Right to Remain Silent: Is Dallas' New Police Shooting Guideline Good Policy or Double Standard?

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On October 14, Bobby Bennett was scooting across a cul-de-sac in an office chair in front of two advancing Dallas police officers. He held a knife, but he stood flat-footed, his arms at his sides, a safe distance from the cops. Seconds later, Officer Cardan Spencer inexplicably opened fire. Bennett doubled over, hit in the gut.

Bennett, a press release later claimed, was "acting violent." An aggravated assault charge followed.

The release of footage from a home surveillance camera completely contradicted the official story, which was apparently based on the recollection of Spencer's partner, Officer Christopher Watson. Shortly after the shooting, he claimed Bennett moved on them, knife raised.

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West, Texas Blast Was Caused By an Arsonist, Electrical Short or Golf Cart, Officials Say

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NBC 5
State Fire Marshal Chris Connealy at this afternoon's press conference.
The Morning News broke the news this morning that officials had narrowed the cause of last month's deadly West, Texas fertilizer plant explosion to one of three things: a golf cart, an electrical short, or criminal activity. That wasn't terribly narrow, but there was a press conference scheduled this afternoon, so we thought investigators might be more specific.

They didn't.

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In the Wake of Kaufman Slayings, Dallas County Prosecutors Encouraged to Ammo Up

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@KenKatlthoffNBC5
First Assistant DA Heath Harris speaking to reporters about increased security measures at his office.
The murder this weekend of Kaufman County District Attorney Mike McLelland and his wife, two months after assistant DA Mark Hasse was gunned down in broad daylight, has Texas prosecutors on high alert.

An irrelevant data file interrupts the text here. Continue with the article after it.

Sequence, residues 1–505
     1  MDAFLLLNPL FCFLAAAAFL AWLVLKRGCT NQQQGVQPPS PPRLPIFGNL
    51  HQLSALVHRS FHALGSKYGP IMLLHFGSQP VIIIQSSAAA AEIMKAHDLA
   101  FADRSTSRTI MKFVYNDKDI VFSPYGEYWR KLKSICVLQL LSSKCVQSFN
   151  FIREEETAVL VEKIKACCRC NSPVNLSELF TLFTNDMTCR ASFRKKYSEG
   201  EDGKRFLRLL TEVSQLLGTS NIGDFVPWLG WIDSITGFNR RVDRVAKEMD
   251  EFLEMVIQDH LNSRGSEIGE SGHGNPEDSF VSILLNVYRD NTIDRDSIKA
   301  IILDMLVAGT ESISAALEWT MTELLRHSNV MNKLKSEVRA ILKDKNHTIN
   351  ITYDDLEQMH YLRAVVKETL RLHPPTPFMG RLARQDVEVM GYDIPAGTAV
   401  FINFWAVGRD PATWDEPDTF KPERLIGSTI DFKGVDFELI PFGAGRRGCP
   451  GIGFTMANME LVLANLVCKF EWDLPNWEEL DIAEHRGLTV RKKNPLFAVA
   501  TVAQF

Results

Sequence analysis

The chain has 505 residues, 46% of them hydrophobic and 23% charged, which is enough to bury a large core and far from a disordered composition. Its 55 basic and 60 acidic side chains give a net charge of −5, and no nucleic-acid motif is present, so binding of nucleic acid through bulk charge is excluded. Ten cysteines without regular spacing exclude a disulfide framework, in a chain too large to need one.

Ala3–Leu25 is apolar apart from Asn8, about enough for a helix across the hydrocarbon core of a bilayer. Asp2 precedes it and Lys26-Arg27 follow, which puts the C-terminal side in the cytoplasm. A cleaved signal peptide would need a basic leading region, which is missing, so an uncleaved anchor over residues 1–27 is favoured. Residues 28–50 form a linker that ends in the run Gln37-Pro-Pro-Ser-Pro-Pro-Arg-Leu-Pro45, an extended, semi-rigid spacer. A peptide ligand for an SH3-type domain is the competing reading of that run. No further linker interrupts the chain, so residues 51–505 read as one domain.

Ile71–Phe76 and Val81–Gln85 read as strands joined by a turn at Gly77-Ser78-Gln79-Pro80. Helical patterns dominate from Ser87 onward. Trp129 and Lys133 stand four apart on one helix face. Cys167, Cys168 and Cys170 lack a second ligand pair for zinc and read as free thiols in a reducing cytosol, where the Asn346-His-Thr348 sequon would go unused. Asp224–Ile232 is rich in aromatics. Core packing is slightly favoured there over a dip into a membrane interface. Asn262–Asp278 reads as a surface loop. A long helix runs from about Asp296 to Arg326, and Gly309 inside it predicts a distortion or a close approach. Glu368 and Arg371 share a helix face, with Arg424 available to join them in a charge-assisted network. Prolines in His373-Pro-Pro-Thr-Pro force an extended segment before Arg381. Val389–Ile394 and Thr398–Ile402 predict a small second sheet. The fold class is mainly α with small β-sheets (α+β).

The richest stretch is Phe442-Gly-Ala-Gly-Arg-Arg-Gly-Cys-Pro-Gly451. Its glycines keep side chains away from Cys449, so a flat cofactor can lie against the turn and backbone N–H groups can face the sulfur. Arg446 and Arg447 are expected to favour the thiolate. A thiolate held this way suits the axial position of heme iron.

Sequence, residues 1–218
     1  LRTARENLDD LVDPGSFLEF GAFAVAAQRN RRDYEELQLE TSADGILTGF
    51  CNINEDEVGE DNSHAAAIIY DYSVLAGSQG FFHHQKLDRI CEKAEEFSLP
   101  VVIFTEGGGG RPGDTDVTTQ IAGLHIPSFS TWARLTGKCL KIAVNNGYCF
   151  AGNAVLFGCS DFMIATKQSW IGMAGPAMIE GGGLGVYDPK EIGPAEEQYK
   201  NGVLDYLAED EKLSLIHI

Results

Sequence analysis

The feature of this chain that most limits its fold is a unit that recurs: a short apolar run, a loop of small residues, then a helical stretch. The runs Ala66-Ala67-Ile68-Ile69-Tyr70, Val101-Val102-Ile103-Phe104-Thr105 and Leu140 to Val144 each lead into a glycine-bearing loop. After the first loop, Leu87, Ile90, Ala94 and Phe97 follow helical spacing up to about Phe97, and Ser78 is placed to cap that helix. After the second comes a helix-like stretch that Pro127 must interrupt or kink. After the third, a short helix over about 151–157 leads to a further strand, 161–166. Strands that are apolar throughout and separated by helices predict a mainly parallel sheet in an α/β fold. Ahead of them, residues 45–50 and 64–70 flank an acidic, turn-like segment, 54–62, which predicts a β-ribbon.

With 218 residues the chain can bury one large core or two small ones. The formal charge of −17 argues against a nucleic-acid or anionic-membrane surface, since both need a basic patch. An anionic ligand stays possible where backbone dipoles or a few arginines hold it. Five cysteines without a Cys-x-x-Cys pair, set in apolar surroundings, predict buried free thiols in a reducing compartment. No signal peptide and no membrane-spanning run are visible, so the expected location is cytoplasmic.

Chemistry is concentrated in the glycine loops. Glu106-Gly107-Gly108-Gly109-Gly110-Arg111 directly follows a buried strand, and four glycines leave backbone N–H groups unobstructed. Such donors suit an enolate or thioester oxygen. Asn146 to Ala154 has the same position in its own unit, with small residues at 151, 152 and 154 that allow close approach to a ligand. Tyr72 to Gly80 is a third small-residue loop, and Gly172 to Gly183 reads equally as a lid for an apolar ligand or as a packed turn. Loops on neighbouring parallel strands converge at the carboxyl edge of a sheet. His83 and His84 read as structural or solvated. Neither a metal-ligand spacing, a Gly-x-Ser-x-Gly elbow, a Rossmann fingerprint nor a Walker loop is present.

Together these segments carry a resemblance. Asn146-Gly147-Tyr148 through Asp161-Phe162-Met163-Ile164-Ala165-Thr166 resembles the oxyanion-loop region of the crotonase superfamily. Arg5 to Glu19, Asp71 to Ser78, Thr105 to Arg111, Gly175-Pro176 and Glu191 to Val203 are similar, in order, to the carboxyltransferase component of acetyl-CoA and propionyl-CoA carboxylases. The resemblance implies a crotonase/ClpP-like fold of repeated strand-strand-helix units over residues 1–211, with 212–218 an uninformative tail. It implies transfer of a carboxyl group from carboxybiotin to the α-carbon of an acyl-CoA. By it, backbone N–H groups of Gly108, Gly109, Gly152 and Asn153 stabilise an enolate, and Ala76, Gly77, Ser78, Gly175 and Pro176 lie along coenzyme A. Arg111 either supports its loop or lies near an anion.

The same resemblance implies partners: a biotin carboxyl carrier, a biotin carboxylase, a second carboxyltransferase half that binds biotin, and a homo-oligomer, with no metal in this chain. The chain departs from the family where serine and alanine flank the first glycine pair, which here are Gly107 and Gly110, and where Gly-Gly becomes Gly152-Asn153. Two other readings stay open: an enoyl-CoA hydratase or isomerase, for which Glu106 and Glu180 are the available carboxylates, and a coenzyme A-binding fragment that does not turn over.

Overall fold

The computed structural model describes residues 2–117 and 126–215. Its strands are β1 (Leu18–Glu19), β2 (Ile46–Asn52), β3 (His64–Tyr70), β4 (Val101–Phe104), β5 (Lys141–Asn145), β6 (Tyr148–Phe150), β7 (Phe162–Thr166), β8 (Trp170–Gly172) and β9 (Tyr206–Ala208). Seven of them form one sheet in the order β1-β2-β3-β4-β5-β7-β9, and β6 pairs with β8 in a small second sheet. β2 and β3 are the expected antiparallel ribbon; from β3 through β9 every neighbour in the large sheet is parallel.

The Associated Press reports today that district attorneys throughout the state are taking extra precautions as they head back to work after the Easter weekend. In Houston, Harris County DA Mike Anderson and his family now have round-the-clock security and is looking at how to beef up security at the office.

District Attorney Craig Watkins does not yet have a personal body guard, at least not so far as we can tell. At a press conference today, first assistant DA Heath Harris provided few specifics about efforts to protect Watkins and his staff, citing security concerns.

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Texas State Troopers No Longer Encouraged to Shoot Human Beings From Helicopters

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eurocopterusa.com
The Texas Department of Public Safety got itself in a bit of a public relations mess last October when state troopers in a helicopter tracking a red pickup suspected of smuggling illegal immigrants opened fire, killing two Guatemalans and raising inevitable questions about the appropriateness of a law enforcement agency raining down bullets from above.

Turns out, such aerial assaults were written into DPS policy. Agency Director Steve McCraw told the San Antonio Express-News that the measure was put in place to protect officers patrolling the Mexican border.

"That's what our aerial assets are doing, and we need to protect those aerial assets and in doing so, we put a sniper on those," he told the paper. "And we're really not apologetic about it. We've got an obligation to protect our men and women when we're trying to protect Texas."

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